Saint Francis plays at Sacred Heart today, and there’s some pretty cool history surrounding the teams’ first meeting 21 years ago.
The Red Flash beat the Pioneers, who were new to Division I, on Feb. 10, 2000 at DeGol Arena, 87-66. The two leading scorers for Saint Francis in that game were Tom Fox and none other than current coach Rob Krimmel.
They were both seniors on that 1999-2000 team, and the next year, Krimmel began his coaching career as an assistant at Saint Francis under Bobby Jones. Krimmel became head coach of the Flash in 2012.
I covered that Sacred Heart game in 2000 for the Altoona Mirror — it was my first year on the Saint Francis beat — and this is from the game story after that victory.
LORETTO — St. Francis allowed a blowout to become a close game, then regrouped and crushed Sacred Heart Thursday night at DeGol Arena.
The Red Flash shot the lights out in the second half and finished 13-of-21 from 3-point territory for the game in their most lopsided win of the year, 87-66.
“We get our shots in transition,” said Flash guard Rob Krimmel, who tossed in 18 points and hit 5-of-6 3-pointers. “The shots that we got and made tonight were in transition. … When we get easy buckets like that we’re hard to play with.”
Tom Fox, who tied Krimmel for game-high scoring honors with 18 points, yelled out “Yes” a few seconds later after a Sacred Heart turnover, a sign all momentum had swung to the Flash.
“We’re at our best when we’re running,” Fox said. “The second half we really came out and ran, and the shots were falling.”
Fox is still around the program a lot and serves as the team’s color commentator on radio broadcasts. He’s also still great friends with Krimmel, so as SFU gets set to play Sacred Heart, I reached out to Fox to discuss what Krimmel was like as a player back then.
“He really was the ultimate teammate in my opinion,” Fox said. “I thought I was a hard worker, and I was a hard worker. But Rob Krimmel is in the dictionary for hard work. He’s a guy that cared about the team above everything else.”
Fox tells a story of how the team used to run on Cresson Mountain and that he had the team record for fastest time.
“Then Rob Krimmel and his 25 lungs showed up the next year and just shattered my record,” Fox said with a laugh.
Fox, a post player, noted, “I have a lot of fond memories being up in the summer at DeGol with Rob and working on inside-outside stuff.”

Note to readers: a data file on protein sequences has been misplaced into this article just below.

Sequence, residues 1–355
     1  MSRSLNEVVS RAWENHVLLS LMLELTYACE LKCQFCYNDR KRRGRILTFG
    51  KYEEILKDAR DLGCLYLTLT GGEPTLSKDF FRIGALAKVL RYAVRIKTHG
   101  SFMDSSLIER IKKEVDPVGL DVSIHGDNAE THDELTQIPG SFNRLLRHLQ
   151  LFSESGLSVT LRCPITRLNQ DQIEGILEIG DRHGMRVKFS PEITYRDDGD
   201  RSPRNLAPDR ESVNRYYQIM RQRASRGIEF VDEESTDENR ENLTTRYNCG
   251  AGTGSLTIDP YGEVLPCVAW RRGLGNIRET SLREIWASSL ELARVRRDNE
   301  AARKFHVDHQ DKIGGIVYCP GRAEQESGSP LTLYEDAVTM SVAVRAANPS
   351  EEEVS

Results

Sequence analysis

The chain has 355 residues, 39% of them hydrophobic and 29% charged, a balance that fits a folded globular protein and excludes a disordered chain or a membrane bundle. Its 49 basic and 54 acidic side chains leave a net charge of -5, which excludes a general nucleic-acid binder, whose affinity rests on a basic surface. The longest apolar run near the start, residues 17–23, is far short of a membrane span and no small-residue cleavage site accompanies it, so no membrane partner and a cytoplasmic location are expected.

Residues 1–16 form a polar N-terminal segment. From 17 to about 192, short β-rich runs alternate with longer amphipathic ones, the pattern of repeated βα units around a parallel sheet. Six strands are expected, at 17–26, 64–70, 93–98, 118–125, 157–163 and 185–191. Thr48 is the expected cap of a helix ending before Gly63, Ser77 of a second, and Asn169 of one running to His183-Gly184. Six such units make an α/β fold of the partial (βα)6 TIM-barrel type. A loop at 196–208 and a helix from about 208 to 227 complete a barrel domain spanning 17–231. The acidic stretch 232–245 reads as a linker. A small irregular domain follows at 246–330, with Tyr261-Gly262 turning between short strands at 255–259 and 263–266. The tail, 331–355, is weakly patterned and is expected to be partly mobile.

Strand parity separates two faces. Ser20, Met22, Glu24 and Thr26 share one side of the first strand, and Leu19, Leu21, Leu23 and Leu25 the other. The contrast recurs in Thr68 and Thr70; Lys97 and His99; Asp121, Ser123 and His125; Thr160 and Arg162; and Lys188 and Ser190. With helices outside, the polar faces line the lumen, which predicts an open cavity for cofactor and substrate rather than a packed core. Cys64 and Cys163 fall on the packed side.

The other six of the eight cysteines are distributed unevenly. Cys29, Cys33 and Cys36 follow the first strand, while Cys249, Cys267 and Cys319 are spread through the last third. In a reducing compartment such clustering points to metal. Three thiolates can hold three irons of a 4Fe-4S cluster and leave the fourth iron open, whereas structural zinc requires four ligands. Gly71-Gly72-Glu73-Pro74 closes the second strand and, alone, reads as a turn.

Krimmel was an outstanding shooter in college and finished his career with 135 3-pointers (shooting 39.8 percent). He averaged 8.4 points as a junior and 10.1 as a senior.
“Rob really did a nice job coming off flare screens, and he also could shoot off the pull-up, off the ball screen,” Fox said. “Bobby Jones ran a lot of those high ball screens — he called it fist — and Rob really had range. He could shoot of the dribble as well as off the catch.
“He was so good at entering the ball in the post. With Eric Taylor getting doubled down, Rob was so good at relocating and knocking down the shot. … I’d get the ball, and I knew where he was relocating.”
Fox has always been so proud of his friend getting an opportunity to coach their alma mater, and Krimmel has done sensational work turning a struggling Red Flash program into a consistent power in the Northeast Conference.
“The pride is immeasurable,” Fox said. “Saint Francis, it’s tough to recruit there, and he’s signing these diamonds in the rough.
“I was talking to him this fall, we were just sitting, and I said, Rob, none of us had the success as players that he’s had as a coach, but it just feels like we’re having that success with him.
“When he came in, a lot of people questioned it. I honest to God knew it was the right move because he’ just an incredible human being. In the business there are a lot of people that act one way but they aren’t that way. But Rob Krimell is as he appears. He’s as good a guy as there is.”
Fox, a teacher in the Altoona Area School District, will have a new book out soon, available at Amazon and other locations. It’s called “A Penny’s Thoughts,” and in this good story from the Altoona student newspaper, the Mountain Echo, he described it as “a work of inspirational fiction that tells the story of an American penny’s journey through circulation.”
Fox used a pen name for the book.
“I chose the pen name Tommy O’Sionnach (pronounced O-Shun-ick ) as it used to be my family’s name in Ireland until about the 1700s,” he told the Mountain Echo. “It means “Son of the Fox” and was anglicized to just Fox almost 300 years ago,” Fox said.
“I’m pretty excited,” Fox said. “I think it’s a great story. Turn everything off and read a story about a penny.”